The geometric patterns in this composition are based upon paper airplanes folded by employees throughout Albany International Airport who were invited to contribute to this project. After collecting the planes, the artist unfolded them and then traced their creases into this fifteen-part sequence. The white lines on varying shades of blue ground echo the contrails of jets as they cross the sky, or blueprint renderings for simple, elegant flying machines
A public reception for the current exhibition, Patterns of Engagement, will be Friday, Jan. 17, at 5:30pm, featuring work by the artists Tasha Depp, Adam Frelin, Rich Garrison, Jack Magai, Laini Nemett, Chris St. Cyr, Chris Victor, and Deborah Zlotsky.
It seemed like a good idea to bring your attention to this piece of writing that Mark Twain wrote in response to the U.S. military intervention against the freedom fighters of the Philippines. It wasn’t published until long after he died. Now in the public domain, “The War Prayer” continues to resonate more than a hundred years after it was written. Also included below is a 2007 dramatization.
So I hit 50,161 words a few minutes ago. Despite what the certificate above suggests, I know the novel isn’t done. In fact, I just stopped in the middle of a scene because it is getting late. I’ve been busy writing the past few weeks, so haven’t been keeping up with blogging about the writing. But this feels good.
Still, I think I have about another 30,000 words to go until this draft is done, so maybe December will be National Novel Draft Completion Month, and then next few months after that will be all about the revision.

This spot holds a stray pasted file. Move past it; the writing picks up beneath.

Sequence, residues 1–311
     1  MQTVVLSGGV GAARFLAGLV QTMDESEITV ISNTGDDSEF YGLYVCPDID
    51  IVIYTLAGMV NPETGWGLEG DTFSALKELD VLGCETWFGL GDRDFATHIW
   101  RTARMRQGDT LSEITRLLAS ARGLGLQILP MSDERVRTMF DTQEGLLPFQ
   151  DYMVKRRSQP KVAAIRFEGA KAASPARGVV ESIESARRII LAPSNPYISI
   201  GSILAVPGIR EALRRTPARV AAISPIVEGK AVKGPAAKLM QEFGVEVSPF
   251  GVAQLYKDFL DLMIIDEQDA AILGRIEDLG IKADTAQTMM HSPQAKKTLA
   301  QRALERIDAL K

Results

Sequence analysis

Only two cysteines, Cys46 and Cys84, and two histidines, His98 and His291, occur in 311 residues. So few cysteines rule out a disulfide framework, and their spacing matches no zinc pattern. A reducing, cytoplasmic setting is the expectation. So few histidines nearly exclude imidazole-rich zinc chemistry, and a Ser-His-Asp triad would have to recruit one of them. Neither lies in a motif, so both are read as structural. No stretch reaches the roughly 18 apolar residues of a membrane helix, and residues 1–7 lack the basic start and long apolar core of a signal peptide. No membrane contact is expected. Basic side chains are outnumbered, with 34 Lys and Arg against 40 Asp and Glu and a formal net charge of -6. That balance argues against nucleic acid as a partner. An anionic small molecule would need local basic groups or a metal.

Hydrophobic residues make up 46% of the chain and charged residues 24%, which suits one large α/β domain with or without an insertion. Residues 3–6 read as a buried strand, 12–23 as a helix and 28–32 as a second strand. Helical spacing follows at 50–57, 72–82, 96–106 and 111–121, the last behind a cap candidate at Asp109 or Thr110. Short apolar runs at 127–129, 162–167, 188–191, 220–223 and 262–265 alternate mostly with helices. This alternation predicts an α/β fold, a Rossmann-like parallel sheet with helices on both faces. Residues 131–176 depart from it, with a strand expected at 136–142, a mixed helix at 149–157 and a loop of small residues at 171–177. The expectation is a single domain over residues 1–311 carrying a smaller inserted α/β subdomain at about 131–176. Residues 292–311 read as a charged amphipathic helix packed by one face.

Late fall deep freeze crept in over the last few days, and I ran out of steam (or was it time) for any writing on Day 7. So it was an accidental day off; however, a little brain rest can always be helpful.
I spent some of my writing time over the last few days doing something I’m not sure I was supposed to be doing during NaNoWriMo, considering one of the mantras of the month is to write, write, write, always moving forward to get more words down. I went back and did a little editing, adding and expanding on earlier sections.
Yes, there definitely was a net gain, but I did have to delete some words. It felt very much not in the spirit of the month when, after about an hour of writing and getting down a few hundred (maybe almost 1,000) words, I removed some of the no longer relevant passages and found myself suddenly at a net zero.
Still behind the NaNo schedule, but I’m happy with the day’s results. One of the things that I reminded myself to do tonight is give a scene a chance to breathe. So I went back a few paragraphs from where I had left off last night, and realized that I needed to break up a character’s paragraph-long quote. That allowed that character to test and measure other characters’ reactions to what she was saying, as well as allowing other characters to say things — thus slightly changing the direction of the conversation as I had written it yesterday (characters! with their own thoughts!).
Perhaps most importantly, it allowed me the space to insert moments in which my main character could witness, think, and evaluate things. This, I think, will deepen a reader’s understanding and empathy for the main character, and it allowed a quick flashback for some background information that deepens the history of the main character.
So in some ways, I ended my writing session by getting back to where I had left off the night before, but I put down a lot of important words that lets the story breathe and the characters express their lives in new ways.